How the Post Started a Rumor That the Clintons are Moving to Town

The New York Times is using the word “assessment” to refer to its 1,662-word essay on its coverage of former

The New York Times is using the word “assessment” to refer to its 1,662-word essay on its coverage of former Los Alamos National Laboratory scientist Wen Ho Lee. The Times ‘ first-ever “assessment,” written by executive editor Joseph Lelyveld and managing editor Bill Keller, ran on page A-2 of the Sept. 26 paper, where the News Summary runs, separated by a heavy black bar from the Corrections section.

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It used to be that “Editors’ Notes” in The New York Times ran with a standard introductory caption: “Under this heading, The Times amplifies articles or rectifies what the editors consider significant lapses of fairness, balance or perspective. Corrections, also on this page, continue to deal with factual errors.”

The terminology is significant. Because in Mr. Lelyveld’s assessment of the coverage of Mr. Lee, a careful line is hewn between correction and rectification.

The Times ‘ assessment was in reaction to criticism, including from the White House, of its coverage of Mr. Lee, who after being held for nine months in solitary confinement on charges he spilled nuclear secrets to the Chinese, was released after pleading to a much lesser charge.

Though the note admits that the paper made some mistakes in what it chose to cover, it chastised the paper more for its errors of omission: ” The Times should have moved more quickly to open a second line of reporting, particularly among scientists inside and outside of the government.… There are articles we should have assigned but did not. We never prepared a full-scale profile of Dr. Lee, which might have humanized him and provided some balance.”

It also conceded there were some problems with tone: “In place of a tone of journalistic detachment from our sources, we occasionally used language that adopted the sense of alarm that was contained in official reports and was being voiced to us by investigators, members of Congress and administration officials with knowledge of the case.”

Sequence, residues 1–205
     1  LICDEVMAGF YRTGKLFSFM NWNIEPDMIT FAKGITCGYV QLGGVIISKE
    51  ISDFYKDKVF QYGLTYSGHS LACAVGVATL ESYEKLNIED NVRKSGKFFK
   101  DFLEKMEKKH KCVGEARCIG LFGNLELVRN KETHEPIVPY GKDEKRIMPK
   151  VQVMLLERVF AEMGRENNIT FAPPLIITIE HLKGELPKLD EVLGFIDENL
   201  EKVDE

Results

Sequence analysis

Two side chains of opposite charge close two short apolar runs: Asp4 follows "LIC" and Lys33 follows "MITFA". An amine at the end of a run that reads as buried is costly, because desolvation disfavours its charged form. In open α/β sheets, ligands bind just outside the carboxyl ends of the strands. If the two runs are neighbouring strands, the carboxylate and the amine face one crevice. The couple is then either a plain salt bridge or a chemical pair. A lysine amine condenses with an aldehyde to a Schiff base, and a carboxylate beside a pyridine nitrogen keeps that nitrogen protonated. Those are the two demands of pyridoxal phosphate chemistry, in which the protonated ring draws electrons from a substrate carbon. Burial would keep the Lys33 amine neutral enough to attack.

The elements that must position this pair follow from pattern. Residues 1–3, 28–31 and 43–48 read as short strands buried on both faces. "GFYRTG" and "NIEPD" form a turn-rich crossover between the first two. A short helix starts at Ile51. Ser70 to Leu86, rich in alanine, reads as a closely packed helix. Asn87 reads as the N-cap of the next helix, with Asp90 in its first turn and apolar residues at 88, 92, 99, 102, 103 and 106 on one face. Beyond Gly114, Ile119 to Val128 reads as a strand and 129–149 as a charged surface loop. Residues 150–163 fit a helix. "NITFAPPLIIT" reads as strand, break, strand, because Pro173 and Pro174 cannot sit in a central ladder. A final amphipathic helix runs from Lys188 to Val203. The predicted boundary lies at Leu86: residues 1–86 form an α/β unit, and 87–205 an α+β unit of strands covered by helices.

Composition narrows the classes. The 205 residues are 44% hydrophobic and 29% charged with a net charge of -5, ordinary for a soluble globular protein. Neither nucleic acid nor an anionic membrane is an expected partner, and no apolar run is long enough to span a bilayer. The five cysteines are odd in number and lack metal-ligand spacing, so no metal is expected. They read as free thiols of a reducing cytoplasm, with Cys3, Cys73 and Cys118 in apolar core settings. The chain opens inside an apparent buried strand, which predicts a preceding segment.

But as Catherine Mathis, head of corporate communications for The New York Times and the point woman on the Wen Ho Lee coverage, told Off the Record on Sept. 26: “On balance, we’re proud of what we did.”

That is not likely to soothe critics of The Times ‘ coverage–particularly those who see the reporting as rooted in racism. And the fact remains that a man spent nine months in solitary on charges that the Justice Department wasn’t able to prove. He was berated by F.B.I. officials, who waved the March 6, 1999, edition of The Times at him and told him the story by James Risen and Jeff Gerth “all but says your name in here.”

The Times , of course, can’t be held accountable for how the F.B.I. used its work. But the Lelyveld-Keller note contained its own omission: one of compassion for a man who had suffered great pain following the stories it had produced.

Lastly, the closest Messrs. Lelyveld and Keller come to an outright apology is to place the blame for any coverage flaws on themselves. “In those instances where we fell short of our standards in our coverage of this story, the blame lies principally with those who directed the coverage, for not raising questions that occurred to us only later. Nothing in this experience undermines our faith in any of our reporters, who remained persistent and fair-minded in their newsgathering in the face of some fierce attacks,” The Times wrote.

There is a certain nobility in editors falling on their own swords. But the question then becomes, what are the consequences of those mistakes?

Mr. Keller told Off the Record, “If you mean are we going to back away from aggressive investigative reporting, the answer is an emphatic, categorical ‘No.’ If you mean are we going to select a scapegoat to hang for shortcomings in a generally excellent body of reporting, the answer is an equally emphatic ‘No.’ Beyond that, your answer will be in the paper. Watch our journalism.”

Some have said that the strongest talent of Silicon Alley has been not technical prowess but storytelling. Jason McCabe Calacanis, the editor of Silicon Alley Reporter , has managed to leverage that skill into a Hollywood job.